In the last leg of our tour, the train from Madurai reached Kanyakumari Station just before dawn. The journey was smooth, and we slept unperturbed about missing our destination as Kanyakumari was the final stop.
The officer-in-charge of the Left Luggage was a middle-aged person. He quickly issued receipts for our luggage when told that we would like to attend the first service of the morning at the temple of the mother goddess (Bhagavati Amman as the locals call it). Auto rickshaws were waiting outside, and we took one of these to reach the temple in a few minutes. It was still dark, although the city was already up and awake.
Male visitors must not cover their upper body if they want to enter the Kanyakumari Temple. There is no such ‘code’ for female visitors. There was still time for the Mangal Arati. So, we and other visitors – the number was not too large – waited on a veranda behind the sanctum sanctorum.
The story of Kanyakumari is related to a demon king – Banasura whose kingdom was in the southern parts of India around Kanyakumari. He performed difficult rituals and prayed over a long period to please Lord Brahma, who gave him the boon that no force in the universe except a virgin girl could kill him. Bolstered by such a ‘shield’ Banasura soon became a dreaded tyrant. He even forayed into the domain of the gods and terrified them. It is said that, in response to the prayer of the gods, the Mother Goddess herself appeared as a virgin girl at Kanyakumari, which was the tri-junction of three seas.
The girl wanted to marry Lord Shiva and prayed to him to accept her as his wife. At long Shiva agreed to marry. The marriage procession reached Suchindram, a place near Kanyakumari. From there he was to reach Kanyakumari at the propitious time of marriage as determined by the priests.
Meanwhile, the gods became worried and restless as they thought if the Mother Goddess married Shiva, then she won’t be able to kill Banasura. The very purpose of her appearance at Kanyakumari would be defeated.
At the request of the gods, Deva Rishi Narada – well-known for his special ability to queer the pitches – arrived at Suchindram and somehow kept Lord Shiva busy in conversations so that he forgot all about the time when he should have reached Kanyakumari for the marriage. When that time had passed, Shiva gave up the idea of marrying the Mother Goddess and remained at Suchindram. The Mother Goddess was incensed and vowed to remain a virgin all her life and stayed on at Kanyakumari.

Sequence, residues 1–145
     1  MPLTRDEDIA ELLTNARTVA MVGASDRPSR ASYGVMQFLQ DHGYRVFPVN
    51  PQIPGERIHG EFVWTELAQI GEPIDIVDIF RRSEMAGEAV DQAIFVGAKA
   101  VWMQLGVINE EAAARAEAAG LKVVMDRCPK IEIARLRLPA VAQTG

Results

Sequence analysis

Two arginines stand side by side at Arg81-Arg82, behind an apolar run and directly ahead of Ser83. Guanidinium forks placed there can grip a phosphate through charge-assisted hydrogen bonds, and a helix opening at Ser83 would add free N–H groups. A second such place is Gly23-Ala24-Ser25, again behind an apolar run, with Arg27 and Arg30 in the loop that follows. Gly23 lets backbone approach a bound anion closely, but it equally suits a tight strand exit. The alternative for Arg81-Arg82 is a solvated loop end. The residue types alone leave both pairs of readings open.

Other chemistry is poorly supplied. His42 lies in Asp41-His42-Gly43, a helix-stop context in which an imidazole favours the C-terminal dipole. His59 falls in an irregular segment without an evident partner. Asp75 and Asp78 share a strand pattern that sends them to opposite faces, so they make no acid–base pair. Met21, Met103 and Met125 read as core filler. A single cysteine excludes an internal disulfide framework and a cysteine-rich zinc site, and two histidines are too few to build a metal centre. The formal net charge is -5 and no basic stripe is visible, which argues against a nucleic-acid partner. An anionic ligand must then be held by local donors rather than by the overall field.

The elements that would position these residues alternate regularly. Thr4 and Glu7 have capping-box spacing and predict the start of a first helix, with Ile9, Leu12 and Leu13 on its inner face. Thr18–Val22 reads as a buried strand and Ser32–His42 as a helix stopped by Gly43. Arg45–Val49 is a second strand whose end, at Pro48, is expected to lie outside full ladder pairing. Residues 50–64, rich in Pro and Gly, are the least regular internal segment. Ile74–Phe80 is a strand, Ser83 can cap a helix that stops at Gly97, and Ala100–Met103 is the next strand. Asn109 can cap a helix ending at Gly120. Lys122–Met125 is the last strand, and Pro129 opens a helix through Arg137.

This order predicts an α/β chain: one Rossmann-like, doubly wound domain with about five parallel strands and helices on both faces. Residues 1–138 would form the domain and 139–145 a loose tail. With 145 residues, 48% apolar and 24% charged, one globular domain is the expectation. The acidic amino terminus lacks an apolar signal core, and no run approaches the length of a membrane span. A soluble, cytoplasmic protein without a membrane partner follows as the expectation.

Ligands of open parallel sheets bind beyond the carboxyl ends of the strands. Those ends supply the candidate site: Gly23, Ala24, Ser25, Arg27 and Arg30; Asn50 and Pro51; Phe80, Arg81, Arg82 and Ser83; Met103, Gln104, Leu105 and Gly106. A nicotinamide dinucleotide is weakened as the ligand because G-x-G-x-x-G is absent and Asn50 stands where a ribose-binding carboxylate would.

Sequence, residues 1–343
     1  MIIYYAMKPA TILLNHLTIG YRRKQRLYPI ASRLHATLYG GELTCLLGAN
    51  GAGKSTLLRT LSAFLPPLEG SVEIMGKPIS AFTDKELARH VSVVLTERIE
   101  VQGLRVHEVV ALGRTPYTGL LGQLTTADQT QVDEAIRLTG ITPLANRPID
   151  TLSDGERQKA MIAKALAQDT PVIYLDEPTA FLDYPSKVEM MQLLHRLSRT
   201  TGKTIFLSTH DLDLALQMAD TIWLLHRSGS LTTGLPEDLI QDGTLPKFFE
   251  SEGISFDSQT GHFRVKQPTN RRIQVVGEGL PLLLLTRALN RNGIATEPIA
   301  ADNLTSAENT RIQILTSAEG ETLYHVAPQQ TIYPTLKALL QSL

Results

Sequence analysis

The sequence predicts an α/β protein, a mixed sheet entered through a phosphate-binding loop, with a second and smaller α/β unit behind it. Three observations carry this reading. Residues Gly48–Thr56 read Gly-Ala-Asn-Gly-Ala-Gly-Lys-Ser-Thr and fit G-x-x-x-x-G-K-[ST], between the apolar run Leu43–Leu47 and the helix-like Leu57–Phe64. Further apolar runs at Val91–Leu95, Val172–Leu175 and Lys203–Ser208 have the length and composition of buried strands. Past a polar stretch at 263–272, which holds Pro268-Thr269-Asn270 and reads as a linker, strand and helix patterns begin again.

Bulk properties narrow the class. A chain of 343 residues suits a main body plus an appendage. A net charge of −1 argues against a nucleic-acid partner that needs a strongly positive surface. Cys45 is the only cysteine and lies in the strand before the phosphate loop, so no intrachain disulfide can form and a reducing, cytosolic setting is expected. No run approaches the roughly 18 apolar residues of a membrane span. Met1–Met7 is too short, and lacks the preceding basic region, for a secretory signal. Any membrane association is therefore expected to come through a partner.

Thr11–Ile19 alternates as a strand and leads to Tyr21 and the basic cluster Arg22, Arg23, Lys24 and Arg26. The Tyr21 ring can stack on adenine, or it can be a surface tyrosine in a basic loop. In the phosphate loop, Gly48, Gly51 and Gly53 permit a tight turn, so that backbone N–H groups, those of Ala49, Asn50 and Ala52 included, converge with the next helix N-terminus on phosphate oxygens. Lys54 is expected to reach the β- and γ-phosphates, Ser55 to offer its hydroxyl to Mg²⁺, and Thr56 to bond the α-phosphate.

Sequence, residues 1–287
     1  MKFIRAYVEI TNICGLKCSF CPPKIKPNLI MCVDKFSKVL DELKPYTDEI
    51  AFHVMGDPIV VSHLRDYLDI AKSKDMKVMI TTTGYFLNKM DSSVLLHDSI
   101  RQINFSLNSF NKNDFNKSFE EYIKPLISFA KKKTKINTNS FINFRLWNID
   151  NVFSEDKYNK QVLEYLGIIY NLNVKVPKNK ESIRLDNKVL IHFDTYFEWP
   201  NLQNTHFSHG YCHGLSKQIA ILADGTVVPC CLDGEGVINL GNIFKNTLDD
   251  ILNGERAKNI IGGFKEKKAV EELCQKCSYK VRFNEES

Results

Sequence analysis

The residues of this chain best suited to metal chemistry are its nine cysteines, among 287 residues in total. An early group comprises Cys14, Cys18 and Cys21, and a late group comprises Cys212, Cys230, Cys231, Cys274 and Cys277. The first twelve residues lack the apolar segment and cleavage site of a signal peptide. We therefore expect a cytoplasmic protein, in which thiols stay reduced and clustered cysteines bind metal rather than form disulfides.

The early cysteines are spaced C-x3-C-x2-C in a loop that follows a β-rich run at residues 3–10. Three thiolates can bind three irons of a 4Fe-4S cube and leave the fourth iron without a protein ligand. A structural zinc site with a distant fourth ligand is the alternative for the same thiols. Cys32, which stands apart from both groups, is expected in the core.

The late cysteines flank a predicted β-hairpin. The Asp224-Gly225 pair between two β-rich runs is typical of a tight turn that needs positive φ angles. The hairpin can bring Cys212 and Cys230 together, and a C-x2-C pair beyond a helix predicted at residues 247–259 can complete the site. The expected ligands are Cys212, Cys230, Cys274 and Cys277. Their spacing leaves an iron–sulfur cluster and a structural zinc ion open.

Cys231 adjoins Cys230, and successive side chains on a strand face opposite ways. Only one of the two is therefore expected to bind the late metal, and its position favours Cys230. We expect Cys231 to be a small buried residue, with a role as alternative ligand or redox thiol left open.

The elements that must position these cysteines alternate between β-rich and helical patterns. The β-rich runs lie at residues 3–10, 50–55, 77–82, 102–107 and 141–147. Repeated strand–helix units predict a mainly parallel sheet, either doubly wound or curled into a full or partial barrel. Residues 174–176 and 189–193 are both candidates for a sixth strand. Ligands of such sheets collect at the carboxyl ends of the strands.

Days passed. Banasura continued with his deviltry and in his audacity coveted the beautiful virgin girl of Kanyakumari. When the demon approached her with an evil design, the infuriated girl took to her true form of the all-powerful Mother Goddess and vanquished and killed Banasura at once. Since then, the faithful believe, the mother is being worshipped at Kanyakumari, while Lord Shiva remains at Suchindram.
It is also believed that a body part of Sati – the consort of Lord Shiva – fell at Kanyakumari and, therefore, it is a place where “Shakti” (the Feminine Power) is worshipped.
The temple of Kanyakumari is not a huge affair like the other temples we saw at Tanjore, Rameswaram or Madurai. Its gopuram is not very tall and the corridors inside are not too impressive. However, it has a different kind of charm, which is to be felt, rather than described in words.
Two priests performed the first ‘service’ of the day by lighting brass lamps and showing them to the main deity and other deities in different shrines within the temple. These rituals are very elaborate but are nice to see.
After the service, we looked around a bit and then came out to the seaside for seeing the sunrise. Quite a crowd had gathered and all were eagerly waiting for the sun to peep out of the water beyond the brightly illuminated memorial on the Vivekananda Rock – located at a little distance from the shore.